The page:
Shop, shop, shop

Seoul is nearly unrivalled as a shopping destination. It’s basically a closer Europe; affluent Mainland Chinese plan for long weekends there with the express purpose of stocking up on cosmetics and clothes.

You’ll find everything you need to ‘put your face on’ in Myeongdong, where Korean cosmetics shops offering top-tier makeup on the cheap – look out for Holika Holika and Etude House – pile on top of international clothing brands such as Zara and H&M. This is the place for skincare and beautifying products in all of Seoul. Try to hit at least 30,000KRW (160RMB) per item if you’re in it for the tax-refund as that’s the minimum sum eligible.

While Dongdaemun Market is the most famous hotspot for clothes shopping in Seoul, Sinsadong and Apgujeong-dong offer much more charm and character. The streets are lined with trees and the vibe is laid-back. Major international chains are represented, but the gems are the smaller, independent boutiques sprinkled through the neighbourhood.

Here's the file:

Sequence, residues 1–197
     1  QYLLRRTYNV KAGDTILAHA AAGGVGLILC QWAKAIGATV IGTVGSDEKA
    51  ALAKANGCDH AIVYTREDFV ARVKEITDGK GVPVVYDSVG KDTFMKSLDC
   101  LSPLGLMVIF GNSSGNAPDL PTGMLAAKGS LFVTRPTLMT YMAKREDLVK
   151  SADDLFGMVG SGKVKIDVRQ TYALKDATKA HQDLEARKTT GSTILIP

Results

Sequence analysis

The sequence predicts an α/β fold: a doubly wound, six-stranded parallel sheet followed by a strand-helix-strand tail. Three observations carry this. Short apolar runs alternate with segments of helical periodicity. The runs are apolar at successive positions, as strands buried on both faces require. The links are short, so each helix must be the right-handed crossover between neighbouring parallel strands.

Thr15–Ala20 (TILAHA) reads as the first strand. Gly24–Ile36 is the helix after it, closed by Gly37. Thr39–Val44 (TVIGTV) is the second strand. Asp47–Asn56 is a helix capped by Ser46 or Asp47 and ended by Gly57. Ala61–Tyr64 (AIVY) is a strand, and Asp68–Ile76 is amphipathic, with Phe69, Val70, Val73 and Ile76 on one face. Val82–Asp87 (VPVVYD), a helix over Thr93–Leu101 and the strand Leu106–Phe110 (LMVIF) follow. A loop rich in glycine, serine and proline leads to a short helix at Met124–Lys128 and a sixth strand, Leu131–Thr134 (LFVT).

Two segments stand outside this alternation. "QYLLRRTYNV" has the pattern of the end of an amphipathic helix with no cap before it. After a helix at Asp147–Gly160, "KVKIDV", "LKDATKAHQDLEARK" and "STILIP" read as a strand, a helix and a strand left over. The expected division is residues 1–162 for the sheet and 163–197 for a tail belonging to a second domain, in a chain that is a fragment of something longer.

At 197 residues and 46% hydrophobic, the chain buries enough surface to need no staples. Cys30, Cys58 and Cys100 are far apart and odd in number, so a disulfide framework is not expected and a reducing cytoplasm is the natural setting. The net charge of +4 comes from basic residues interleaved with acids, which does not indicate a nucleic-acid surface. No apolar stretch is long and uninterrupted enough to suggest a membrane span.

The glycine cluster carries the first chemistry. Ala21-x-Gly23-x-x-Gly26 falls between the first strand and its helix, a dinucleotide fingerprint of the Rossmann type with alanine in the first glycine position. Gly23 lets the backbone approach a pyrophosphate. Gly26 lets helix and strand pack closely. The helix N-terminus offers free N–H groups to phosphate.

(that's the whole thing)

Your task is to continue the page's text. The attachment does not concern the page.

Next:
Menswear multibrand shop Msk Shop (10 Nonhyeonro 161-gil, Gangnam-gu, +82 2 70 8233 3107; mskshop.net) curates a fantastic selection of up-andcoming Korean brands as well as some foreign imports. The area is also home to the nicer branches of successful local brands. Drawing comparisons to Urban Outfitters, Åland (548-5 Sinsa-dong, Gangnamgu, +82 2 3210 5869; a-land.co.kr) has a few outlets around town and offers good-quality apparel, plus some vintage finds, for reasonable prices. Similarly, multi-brand shop Anthology (44 Dosan-daero 11-gil, Gangnam-gu, +82 2 6959 5979; anthology.co.kr) is a great bet for finding cool Korean clobber but also not a bad spot to pick up smaller design pieces.